EU Publishes Brexit Guidelines

Let the games begin. On 29 April 2017, the EU Council approved the guidelines for Brexit

European Union leaders meet in Brussels to approve guidelines on negotiating Brexit, 29 April 2017. BBC_news_world-europe_photo courtesy of EPA.

The key points of the guidelines  

  • Negotiations will begin after 08 June 2017 – the UK general elections; 
  • First Phase of the talks – so-called “Divorce” settlement – if up to the EU, shall deal deal with current UK financial commitments to the EU, Northern Ireland border, residence rights of EU citizens (and UK citizens in the EU) 
  • Talks on an EU-UK trade agreement shall only be discussed when first phase of talks reaches “significant progress,” a criterion to be decided by EU Council 
  • Unity in negotiations – individual EU members won’t negotiate separately with UK
  • No cherry picking from bits of the single market

The guidelines are no surprise to the ramblings of politicians from both sides of the English Channel. A possible blow to the UK is that the EU has refused a parallel approach to the talks – i.e. negotiating the divorce settlement and future trade deal simultaneously.

European Council President Donald Tusk at the EU summit on approving guidelines for negotiations with the EU on Brexit, 29 April 2017_BBC_photo AFP

Whether this is a blow to the UK is open to interpretation; the divorce settlement is probably the most sensitive element of the talks in which both sides can lose. For instance, in the media it has been reported that on the issue of the UK’s financial obligations, EU officials estimate that the UK should pay a bill of €60bn (£51bn; $65bn – these amounts are based on EU budget rules). UK politicians have said the government will not pay a sum of that size.

Expats, exports, security: What’s worrying the rest of the EU about Brexit?_BBC_28 April 2017. Photo GETTY IMAGES.

More importantly, despite the call for unity by the EU Council, the EU member states have diverging priorities – e.g. Poland would probably like to ensure that the rights of it’s citizens in the UK are properly handled;  the Netherlands would like nothing more to commence free trade talks with the UK.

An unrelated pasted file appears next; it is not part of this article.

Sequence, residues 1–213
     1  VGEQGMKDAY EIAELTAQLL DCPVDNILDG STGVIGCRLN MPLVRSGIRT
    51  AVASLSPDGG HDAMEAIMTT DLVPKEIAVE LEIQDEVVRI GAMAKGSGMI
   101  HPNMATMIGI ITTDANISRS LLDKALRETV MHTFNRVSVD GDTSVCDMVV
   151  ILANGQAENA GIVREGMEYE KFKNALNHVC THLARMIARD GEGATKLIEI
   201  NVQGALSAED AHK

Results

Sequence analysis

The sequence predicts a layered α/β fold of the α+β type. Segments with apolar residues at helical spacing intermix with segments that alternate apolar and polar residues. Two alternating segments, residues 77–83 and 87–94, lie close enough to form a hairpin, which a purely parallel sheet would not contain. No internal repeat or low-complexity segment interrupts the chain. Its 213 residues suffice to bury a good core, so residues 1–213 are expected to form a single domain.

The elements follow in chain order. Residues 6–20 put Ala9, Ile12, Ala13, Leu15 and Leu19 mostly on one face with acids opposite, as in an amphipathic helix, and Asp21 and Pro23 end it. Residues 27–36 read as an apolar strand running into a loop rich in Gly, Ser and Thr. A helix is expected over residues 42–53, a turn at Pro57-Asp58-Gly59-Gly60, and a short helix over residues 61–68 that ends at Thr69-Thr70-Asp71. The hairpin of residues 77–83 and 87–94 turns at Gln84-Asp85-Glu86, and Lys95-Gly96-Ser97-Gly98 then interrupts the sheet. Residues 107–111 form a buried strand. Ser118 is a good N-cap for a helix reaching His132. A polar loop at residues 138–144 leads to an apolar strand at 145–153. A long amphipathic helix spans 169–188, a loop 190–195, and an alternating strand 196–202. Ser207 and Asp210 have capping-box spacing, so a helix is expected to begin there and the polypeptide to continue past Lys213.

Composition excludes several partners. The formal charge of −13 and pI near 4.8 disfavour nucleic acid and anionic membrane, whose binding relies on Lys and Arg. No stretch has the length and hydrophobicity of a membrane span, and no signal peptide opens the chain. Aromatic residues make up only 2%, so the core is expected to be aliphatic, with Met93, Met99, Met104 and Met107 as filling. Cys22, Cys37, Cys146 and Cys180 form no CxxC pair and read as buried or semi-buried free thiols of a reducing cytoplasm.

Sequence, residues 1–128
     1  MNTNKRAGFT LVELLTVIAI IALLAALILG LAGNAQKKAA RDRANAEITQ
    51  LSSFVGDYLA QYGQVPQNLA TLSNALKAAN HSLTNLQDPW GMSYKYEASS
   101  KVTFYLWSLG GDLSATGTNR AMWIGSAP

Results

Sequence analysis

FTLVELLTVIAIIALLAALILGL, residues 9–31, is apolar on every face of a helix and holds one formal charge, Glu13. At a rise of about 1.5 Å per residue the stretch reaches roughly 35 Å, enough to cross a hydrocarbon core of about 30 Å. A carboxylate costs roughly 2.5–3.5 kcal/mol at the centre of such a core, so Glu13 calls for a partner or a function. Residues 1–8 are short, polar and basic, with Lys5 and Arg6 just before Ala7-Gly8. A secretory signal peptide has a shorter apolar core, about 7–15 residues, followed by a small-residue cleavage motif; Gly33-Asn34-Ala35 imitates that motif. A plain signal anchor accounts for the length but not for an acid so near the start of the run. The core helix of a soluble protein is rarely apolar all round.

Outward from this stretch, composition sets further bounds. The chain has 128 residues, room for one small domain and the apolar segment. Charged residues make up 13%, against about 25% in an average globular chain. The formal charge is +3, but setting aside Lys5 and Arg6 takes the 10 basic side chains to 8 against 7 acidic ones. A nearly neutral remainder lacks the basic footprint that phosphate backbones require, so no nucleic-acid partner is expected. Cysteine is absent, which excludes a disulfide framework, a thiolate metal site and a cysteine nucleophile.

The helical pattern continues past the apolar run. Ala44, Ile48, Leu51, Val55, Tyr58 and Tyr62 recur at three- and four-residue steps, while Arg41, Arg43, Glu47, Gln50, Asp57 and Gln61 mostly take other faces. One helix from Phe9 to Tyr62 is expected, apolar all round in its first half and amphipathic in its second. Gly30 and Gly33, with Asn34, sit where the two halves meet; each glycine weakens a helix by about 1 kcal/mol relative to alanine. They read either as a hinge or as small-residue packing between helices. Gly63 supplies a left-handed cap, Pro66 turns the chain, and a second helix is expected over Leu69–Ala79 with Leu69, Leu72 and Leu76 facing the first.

In some instances, there are signs that EU countries are maneuvering themselves to benefit from  a possible move of financial institutions from the City of London (a leading financial center) to the EU mainland – e.g. Paris or Frankfurt. In this context, it has been reported that financial services could be excluded from the talks if and when the UK refuses to respect EU financial supervisory and regulatory standards. 

Most interesting to this blog, are the questions relating to global trade.

Which customs code will the UK adopt ultimately adopt (regarding the issue of tariffs); how will the UK align it’s export controls and economic sanctions regimes with that of the EU?

The question is how will the UK align its foreign security policy with the EU’s CFSP? The UK will remain a Permanent UN Security Council member, so it might make sense for the EU to remain close to the UK. Further, the UK will most probably remain a party to the export control regimes, e.g. Wassenaar Arrangement, MTCR and Australia Group, thus it’s expected that the EU-UK dual-use regimes should mirror each other. I don’t expect that the UK military export controls will change that much – given the EU member states’ sovereign prerogatives in this field.  

However, it will be interesting to see how the EU dual-use regime evolves without the UK. This will especially apply to the Commission’s proposals to modernize the EU’s dual-use regime – e.g. the controversial proposal to introduce human rights controls

The sticky point will be to what extent British companies can still make use of EU General Licenses and/or global licenses. Another interesting question will be the impact of Brexit on EU economic sanctions. Currently, the UK is the driving force behind EU comprehensive and effective sanctions regimes – especially against Russia. Once the UK leaves, the question is how the void will be filled…. 

  • How the Article 50 Letter compares to EU Council Guidelines 

  • The Dream Teams: who will negotiate Brexit? 

  • Brexit timetable

    • 29 April – EU leaders (excluding the UK) meet in Brussels to adopt Brexit negotiating guidelines
    • 7 May – French voters decide between Emmanuel Macron and Marine Le Pen as their next president
    • 8 June – UK parliamentary election – Brexit talks to start soon after the vote
    • 24 September – German parliamentary election, with Mrs Merkel seeking a fourth term
    • 29 March 2019 – Deadline for ending talks on UK exit terms (any extension requires agreement of all member states)
    • May or June 2019 – European Parliament election (without UK)
    • Ratification – Any Brexit deal requires ratification by all EU’s national parliaments and European Parliament

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